June 2020

Vol. 4, Issue 1

We at the Samuel Harrison Society believe Rev. Samuel Harrison’s words are as relevant today as they were in the 19th Century. The following text are excerpts from Rev. Harrison’s “An Appeal of a Colored Man to His Fellow Citizens of a Fairer Hue in the United States” and was written in 1877.

An Appeal

This appeal is addressed to my fellow-citizens of the United States because the subject matter of the appeal concerns them; for nowhere else in the world is such an appeal necessary.  The conventional rules of society are nowhere else so rigid as in the Unites States of America.  Hence we appeal to those who can correct, or at least help to correct, the matter of which we complain, and thus bring about results which will be advantageous to those to whom I address myself, as well as for those for whom this appeal is made.  It is a fact that cannot be ignored, however much men may be disposed to, that the colored man labors under difficulties and burdens which no other people do.

The silence may be interpreted to mean this: That it is no crime, or it is not one of sufficient magnitude to demand protest.  But were the victims of a fairer hue and those who are guilty of these outrages colored men, there would come a united protestation from [everywhere], and the arm of the general government would at once be employed to visit [justifiable] punishment upon the party guilty of such crimes.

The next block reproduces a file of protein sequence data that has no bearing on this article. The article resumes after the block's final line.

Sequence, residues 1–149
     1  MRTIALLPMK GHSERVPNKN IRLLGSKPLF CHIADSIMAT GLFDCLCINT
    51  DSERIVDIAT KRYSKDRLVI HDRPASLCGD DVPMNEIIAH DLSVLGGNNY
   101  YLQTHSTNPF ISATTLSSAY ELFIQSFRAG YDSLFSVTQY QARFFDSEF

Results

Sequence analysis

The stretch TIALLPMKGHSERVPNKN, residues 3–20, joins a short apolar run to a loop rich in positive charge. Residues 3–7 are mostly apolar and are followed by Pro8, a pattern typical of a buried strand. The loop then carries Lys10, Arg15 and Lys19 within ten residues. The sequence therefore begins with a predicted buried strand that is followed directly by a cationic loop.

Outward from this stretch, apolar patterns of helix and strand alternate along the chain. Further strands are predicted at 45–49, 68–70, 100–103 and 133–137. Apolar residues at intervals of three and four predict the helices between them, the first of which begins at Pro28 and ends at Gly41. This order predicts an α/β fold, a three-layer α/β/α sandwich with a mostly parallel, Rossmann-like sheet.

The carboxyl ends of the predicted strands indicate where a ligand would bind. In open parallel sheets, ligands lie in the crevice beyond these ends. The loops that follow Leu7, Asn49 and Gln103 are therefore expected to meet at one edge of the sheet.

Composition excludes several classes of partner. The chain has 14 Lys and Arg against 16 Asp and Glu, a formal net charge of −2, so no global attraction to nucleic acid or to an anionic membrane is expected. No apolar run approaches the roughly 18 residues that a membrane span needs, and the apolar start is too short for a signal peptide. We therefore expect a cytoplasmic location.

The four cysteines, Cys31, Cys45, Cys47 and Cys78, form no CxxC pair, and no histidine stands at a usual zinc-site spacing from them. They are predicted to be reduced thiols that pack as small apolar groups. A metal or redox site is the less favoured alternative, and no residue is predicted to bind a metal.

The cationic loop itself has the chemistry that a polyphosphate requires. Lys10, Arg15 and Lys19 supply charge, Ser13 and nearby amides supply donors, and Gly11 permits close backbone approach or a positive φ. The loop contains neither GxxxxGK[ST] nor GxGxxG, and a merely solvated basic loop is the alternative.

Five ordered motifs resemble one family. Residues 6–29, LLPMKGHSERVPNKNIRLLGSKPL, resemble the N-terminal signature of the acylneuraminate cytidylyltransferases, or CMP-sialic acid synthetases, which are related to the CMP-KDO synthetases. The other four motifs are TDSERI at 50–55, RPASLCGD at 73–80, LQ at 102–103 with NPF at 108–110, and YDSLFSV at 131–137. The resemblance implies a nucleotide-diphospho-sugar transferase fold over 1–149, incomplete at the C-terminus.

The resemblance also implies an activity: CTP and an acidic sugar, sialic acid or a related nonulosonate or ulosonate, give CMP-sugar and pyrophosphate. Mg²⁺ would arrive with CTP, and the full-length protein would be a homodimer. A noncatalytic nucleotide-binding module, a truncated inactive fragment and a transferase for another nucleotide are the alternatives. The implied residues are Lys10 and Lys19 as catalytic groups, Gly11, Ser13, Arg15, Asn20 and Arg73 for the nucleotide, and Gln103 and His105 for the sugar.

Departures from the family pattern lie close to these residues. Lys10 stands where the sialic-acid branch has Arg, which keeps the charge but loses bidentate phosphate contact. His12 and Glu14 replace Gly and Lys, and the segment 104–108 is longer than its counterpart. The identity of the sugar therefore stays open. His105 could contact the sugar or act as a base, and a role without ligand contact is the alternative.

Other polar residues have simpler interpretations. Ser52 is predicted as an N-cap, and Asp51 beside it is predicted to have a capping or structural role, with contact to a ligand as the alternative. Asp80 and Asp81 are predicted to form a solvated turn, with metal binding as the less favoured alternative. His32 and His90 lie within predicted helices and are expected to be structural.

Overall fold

We are misjudged by very many of our white fellow citizens, or they occupy a wrong standpoint from which they judge us.  For the misdemeanor of a few, they judge the many, and condemn the many for the misdeeds of the few.

We have always as a class been law-abiding, and no question can be asked to our patriotism, as any student of our nation’s history well knows.  The colored man has always been willing to bide his time.  He believed it was coming, and even now we have entered upon it.  That as old lines are being obliterated or being so, we ask that no man be known by race, or color, or nationality.  This is our status according to the letter and spirit of the American Constitution.

The interest of the one race, if I may speak, is the interest of the other.  We are of one language, and the same system of laws are essential to govern both.  When justice is practiced toward us, there is no need of special legislation for our race.  We are no different from other men and women; we have hopes and aspirations and inclinations the same as others.  This being so, all we ask is to be treated as other men and women are.  We claim no more for a colored man by intuition than can be claimed for others.

It may be asked upon what ground do I base my appeal in behalf of my people?  I answer, in the first place, the love of country.

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